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Malapascua Island

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Malapascua is a Philippine island situated in the Visayan Sea, 6.8 kilometres (4.2 mi) across a shallow strait from the northernmost tip of Cebu Island. Administratively, it is part of the insular barangay of Logon, Daanbantayan, Cebu. Malapascua is a small island, only about 2.5 by 1 kilometre (1.55 by 0.62 mi), and has eight hamlets.
Malapascua became famous fairly recently, only in the early 1990s as a dive destination. Prior to this, the island was known for its wide white sand beach, known as Bounty Beach; it has also become known for its beautiful coral gardens, coral walls and excellent local dive spots, as well as further-out sites including Gato Island, Monad Shoal, and Kemod Shoal. Monad Shoal is an underwater plateau where thresher sharks and manta rays can regularly be sighted.
Most of the islanders derive their livelihood from tourism, while some still rely on subsistence fishing and farming.
Religiously, Malapascua Island or barangay Logon is believed to be the place where the Virgin de los Desamparados made a miracle sometime in 1890 when the island had only nine households of the Monteclar, Deogrades, Rosales, Gulfan, Rubio, Bohol and Bruces families. It was said to be a piece of wood that had never burnt. In 1907 the parish priest of Kandaya, now Daanbantayan town, Rev. Fr. Inocentes Maga, baptized it of its name upon the request of the local residents. The size of the image is not the original size and it is said to be growing until present. Devotees from different parts of the country and even abroad come during the feast days on May 11 and 12. The chapel was originally made of coconut palm and leaves but now it is made of steel and cement.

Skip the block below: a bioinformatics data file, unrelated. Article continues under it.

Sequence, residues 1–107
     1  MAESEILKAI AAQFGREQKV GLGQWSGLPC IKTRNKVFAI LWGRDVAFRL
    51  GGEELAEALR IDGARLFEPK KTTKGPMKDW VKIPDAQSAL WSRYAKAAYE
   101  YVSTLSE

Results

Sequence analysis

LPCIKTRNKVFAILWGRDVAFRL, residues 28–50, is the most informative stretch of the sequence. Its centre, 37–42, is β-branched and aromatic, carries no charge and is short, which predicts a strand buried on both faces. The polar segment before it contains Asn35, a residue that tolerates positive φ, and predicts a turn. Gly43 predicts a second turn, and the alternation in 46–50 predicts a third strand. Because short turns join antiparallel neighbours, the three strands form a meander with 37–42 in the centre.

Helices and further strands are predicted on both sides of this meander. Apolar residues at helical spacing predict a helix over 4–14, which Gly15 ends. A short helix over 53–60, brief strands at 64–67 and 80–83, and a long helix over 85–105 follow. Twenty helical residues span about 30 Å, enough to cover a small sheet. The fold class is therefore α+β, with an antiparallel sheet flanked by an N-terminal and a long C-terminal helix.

Similar to other islands, natives were dependent on fishing as a source of livelihood. Agricultural products such as corn and rice were supplied from neighboring islands, such as Cebu and Leyte. With the population increasing and fish stocks dwindling, tourism came to the rescue. Nowadays, the majority of islanders either directly or indirectly make a living out of tourism, which is developing rapidly. The growth of tourism has also increased local immigration to the island, thus the demand for housing. The lack of a pier for bigger boats – due to financial constraints – is keeping a brake on construction growth.

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